The Evolution of Anti-Trafficking Since TVPA
Since the inception of the Trafficking Victims Protection Act (TVPA) in 2000, a wealth of organizations and individuals have worked to galvanize a national response to human trafficking in ways we could have never imagined at the time. We watched professionals in law enforcement and prosecution advance towards a more nuanced understanding of the crime. We observed service providers, who had been supporting exploited individuals for decades (if not longer), breathe a sigh of relief as the long overdue calls to action helped accelerate a formalized response. We also saw an increase in conversations on trafficking in the general public, forums for dialogue on anti-trafficking approaches, and calls for better research and validated tools to help coordinate communities.
The evolution of anti-trafficking efforts in the United States is remarkable, but until recently it has largely overlooked one key constituency: survivors of human trafficking themselves.
Survivors Lead The U.S. Advisory Council
The U.S. Advisory Council on Human Trafficking was established in 2015 alongside the President’s Interagency Task Force to Monitor and Combat Trafficking in Persons (PITF). The council, comprised of eleven survivor leaders, was asked to bring their expertise and experience to the PITF and make key recommendations to US government agencies and partners working on human trafficking. These eleven individuals represent diverse backgrounds and experiences supporting anti-trafficking efforts nationwide. They are the first federally appointed body solely comprised of human trafficking survivors, and their position to push for survivor-informed policy recommendations is new to the national movement.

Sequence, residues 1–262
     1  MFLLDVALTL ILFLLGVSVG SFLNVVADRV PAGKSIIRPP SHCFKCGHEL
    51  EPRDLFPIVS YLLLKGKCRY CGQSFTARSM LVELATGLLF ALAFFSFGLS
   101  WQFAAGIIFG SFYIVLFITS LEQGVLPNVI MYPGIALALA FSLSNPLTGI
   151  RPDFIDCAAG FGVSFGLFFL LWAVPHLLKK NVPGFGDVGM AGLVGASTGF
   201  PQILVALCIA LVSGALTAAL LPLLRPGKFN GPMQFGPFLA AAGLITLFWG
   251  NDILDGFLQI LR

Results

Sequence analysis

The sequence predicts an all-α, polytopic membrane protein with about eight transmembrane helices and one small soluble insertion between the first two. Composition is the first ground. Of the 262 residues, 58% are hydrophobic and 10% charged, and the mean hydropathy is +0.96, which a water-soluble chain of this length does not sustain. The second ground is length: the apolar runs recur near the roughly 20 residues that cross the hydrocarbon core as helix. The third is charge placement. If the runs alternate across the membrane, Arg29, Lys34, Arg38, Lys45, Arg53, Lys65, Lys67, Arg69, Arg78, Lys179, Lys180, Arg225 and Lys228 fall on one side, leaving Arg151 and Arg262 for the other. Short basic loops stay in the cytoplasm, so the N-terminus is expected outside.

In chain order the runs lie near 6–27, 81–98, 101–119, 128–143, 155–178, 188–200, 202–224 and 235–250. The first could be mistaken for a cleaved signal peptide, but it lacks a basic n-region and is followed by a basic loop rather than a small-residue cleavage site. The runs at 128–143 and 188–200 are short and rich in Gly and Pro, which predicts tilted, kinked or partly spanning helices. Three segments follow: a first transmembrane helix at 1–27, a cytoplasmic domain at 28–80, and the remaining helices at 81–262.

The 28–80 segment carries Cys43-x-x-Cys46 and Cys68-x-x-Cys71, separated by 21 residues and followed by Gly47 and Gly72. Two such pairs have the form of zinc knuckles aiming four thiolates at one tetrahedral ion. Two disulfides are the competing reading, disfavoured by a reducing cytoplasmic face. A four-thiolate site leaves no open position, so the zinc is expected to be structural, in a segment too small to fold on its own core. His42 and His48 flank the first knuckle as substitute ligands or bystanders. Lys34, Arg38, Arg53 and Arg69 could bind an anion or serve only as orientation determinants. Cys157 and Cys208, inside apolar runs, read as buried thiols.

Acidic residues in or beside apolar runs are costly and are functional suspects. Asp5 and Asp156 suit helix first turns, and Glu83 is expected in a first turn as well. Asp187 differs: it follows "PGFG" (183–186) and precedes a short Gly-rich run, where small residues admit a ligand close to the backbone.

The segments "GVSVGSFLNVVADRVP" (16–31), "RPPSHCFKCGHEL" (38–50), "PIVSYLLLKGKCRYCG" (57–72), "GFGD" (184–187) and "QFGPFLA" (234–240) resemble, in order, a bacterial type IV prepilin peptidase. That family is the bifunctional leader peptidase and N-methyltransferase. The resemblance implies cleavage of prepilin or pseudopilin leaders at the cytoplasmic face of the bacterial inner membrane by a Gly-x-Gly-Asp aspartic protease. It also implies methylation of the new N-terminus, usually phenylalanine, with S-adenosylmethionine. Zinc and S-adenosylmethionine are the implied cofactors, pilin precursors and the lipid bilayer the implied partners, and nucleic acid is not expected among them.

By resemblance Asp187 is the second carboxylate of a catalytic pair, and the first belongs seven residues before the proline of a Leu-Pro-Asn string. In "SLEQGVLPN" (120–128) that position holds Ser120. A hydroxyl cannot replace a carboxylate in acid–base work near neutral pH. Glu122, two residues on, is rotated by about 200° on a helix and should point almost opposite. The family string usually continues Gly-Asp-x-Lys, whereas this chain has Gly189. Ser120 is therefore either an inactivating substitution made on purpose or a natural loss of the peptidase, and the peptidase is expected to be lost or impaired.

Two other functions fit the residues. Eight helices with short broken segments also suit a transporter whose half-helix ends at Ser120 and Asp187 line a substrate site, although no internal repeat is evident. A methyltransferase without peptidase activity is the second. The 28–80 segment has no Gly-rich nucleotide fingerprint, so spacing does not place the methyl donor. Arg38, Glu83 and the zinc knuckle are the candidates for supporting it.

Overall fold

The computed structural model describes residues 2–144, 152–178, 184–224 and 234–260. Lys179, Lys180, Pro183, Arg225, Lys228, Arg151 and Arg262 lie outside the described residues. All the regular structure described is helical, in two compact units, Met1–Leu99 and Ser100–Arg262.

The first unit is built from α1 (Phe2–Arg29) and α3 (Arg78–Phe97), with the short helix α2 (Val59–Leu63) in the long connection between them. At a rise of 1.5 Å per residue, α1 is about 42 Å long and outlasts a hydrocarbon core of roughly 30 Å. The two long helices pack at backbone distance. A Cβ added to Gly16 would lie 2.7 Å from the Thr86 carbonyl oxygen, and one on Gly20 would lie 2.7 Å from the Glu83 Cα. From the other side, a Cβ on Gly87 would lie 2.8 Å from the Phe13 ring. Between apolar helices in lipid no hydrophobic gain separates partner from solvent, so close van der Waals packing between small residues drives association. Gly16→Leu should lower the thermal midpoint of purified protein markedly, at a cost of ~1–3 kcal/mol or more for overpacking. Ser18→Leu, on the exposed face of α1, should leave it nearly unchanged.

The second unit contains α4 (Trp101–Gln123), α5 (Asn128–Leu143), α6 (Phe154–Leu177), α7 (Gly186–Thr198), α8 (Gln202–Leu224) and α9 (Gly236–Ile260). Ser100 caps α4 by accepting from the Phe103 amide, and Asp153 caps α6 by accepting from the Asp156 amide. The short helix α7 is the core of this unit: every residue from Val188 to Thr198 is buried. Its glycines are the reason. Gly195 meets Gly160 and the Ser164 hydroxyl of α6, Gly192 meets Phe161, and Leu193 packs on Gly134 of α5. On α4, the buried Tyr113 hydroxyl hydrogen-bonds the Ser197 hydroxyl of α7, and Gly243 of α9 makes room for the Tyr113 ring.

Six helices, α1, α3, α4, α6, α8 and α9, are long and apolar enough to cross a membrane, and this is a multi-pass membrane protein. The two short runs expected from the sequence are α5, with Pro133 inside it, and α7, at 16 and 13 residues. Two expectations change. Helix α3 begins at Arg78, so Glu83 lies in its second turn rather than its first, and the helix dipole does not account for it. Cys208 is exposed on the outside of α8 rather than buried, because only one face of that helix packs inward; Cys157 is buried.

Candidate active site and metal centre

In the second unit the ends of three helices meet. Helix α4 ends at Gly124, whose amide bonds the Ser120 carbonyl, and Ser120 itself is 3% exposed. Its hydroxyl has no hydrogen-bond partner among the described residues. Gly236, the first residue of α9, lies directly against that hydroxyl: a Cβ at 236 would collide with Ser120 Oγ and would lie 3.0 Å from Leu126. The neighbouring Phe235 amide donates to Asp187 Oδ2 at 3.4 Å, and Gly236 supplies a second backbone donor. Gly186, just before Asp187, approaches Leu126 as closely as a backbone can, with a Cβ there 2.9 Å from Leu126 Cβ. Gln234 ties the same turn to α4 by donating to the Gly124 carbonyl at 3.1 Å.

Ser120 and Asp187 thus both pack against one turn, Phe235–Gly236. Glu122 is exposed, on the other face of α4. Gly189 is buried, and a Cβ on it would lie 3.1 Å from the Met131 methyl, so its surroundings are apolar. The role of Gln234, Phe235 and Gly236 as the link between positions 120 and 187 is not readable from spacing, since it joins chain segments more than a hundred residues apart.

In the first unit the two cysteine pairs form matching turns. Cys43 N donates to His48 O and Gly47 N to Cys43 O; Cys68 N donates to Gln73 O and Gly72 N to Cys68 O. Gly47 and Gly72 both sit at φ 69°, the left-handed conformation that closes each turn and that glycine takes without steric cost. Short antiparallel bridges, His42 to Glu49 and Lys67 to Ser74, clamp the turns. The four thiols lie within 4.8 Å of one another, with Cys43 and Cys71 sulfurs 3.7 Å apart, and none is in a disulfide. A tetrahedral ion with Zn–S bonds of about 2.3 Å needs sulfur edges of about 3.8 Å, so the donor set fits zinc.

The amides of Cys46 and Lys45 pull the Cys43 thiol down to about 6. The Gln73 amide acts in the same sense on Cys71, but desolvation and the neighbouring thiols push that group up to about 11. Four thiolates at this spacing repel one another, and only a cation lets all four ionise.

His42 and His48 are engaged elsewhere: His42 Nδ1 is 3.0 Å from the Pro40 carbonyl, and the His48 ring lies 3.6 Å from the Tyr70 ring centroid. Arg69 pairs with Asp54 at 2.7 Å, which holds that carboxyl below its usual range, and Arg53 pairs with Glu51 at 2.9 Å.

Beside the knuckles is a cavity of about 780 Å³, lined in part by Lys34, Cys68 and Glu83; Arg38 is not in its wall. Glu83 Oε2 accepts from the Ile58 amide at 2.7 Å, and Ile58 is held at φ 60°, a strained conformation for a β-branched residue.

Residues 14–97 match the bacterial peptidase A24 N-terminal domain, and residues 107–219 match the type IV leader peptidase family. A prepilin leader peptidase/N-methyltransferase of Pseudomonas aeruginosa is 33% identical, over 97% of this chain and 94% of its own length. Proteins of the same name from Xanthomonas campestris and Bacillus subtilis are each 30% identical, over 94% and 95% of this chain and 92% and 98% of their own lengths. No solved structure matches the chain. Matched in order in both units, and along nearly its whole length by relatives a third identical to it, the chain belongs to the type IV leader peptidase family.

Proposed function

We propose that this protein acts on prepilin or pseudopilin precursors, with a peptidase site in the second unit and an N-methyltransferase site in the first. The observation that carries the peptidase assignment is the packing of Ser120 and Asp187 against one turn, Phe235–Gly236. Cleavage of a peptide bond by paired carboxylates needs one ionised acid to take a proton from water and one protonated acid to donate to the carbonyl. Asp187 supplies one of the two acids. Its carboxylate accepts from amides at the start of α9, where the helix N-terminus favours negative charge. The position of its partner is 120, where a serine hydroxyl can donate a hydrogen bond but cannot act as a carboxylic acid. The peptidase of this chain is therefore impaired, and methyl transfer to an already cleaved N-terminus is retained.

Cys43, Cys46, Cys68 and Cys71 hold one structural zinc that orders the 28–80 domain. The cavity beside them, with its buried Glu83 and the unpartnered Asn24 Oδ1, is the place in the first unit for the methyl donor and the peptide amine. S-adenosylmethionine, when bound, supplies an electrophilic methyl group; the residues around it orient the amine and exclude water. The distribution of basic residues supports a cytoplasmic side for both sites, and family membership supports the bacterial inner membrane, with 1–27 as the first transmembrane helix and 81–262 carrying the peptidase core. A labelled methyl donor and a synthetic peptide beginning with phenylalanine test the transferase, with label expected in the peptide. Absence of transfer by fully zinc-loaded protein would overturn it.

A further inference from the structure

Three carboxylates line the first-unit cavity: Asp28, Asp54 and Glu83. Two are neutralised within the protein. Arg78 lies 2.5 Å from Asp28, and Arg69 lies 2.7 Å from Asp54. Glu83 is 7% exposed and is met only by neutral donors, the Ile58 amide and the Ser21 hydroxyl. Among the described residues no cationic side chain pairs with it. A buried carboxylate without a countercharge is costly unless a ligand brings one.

The Council released their 2017 Annual Report earlier this month. This year they organized their work through five committees:
- Rule of Law
- Public Awareness
- Victim Services
- Labor Laws
The recommendations and calls to action put forward by these working groups were developed following two regional trips to Washington and Minnesota. Further survivor perspectives were collected through a national survey. Fifteen key recommendations made it into the final report, ranging from increased training to more comprehensive employment services. Ultimately, leadership from the federal agencies represented in the PITF met with the Council to discuss implementation.
Key Recommendations in the 2017 Annual Report
The focus on service providers and service delivery in the U.S. Advisory Council on Human Trafficking 2017 Annual Report welcomed critical perspectives. Council members noted some increases in specific services for victims of sex trafficking, but little access for LGTBQIA populations, boys and men, or victims of other forms of labor trafficking. Many of the service providers that the Council reviewed demonstrated entry requirements that were deemed too stringent, calling for age verification and background checks that were a hindrance for many survivors. Additionally, survivors shared their belief that victims of exploitation should receive priority ranking for housing programs, noting that the current waiting lists were cumbersome and prohibitive. Leadership from the Department of Housing and Urban Development (HUD) was invited to assist working on these barriers.
“Survivors would benefit from housing, vocational opportunities, healthcare, trauma informed therapy, alternative therapy, and collaborative community networking to empower victims and survivors.”
– Angie Conn, WV, 2017 Annual Report
Standardized Identification Tools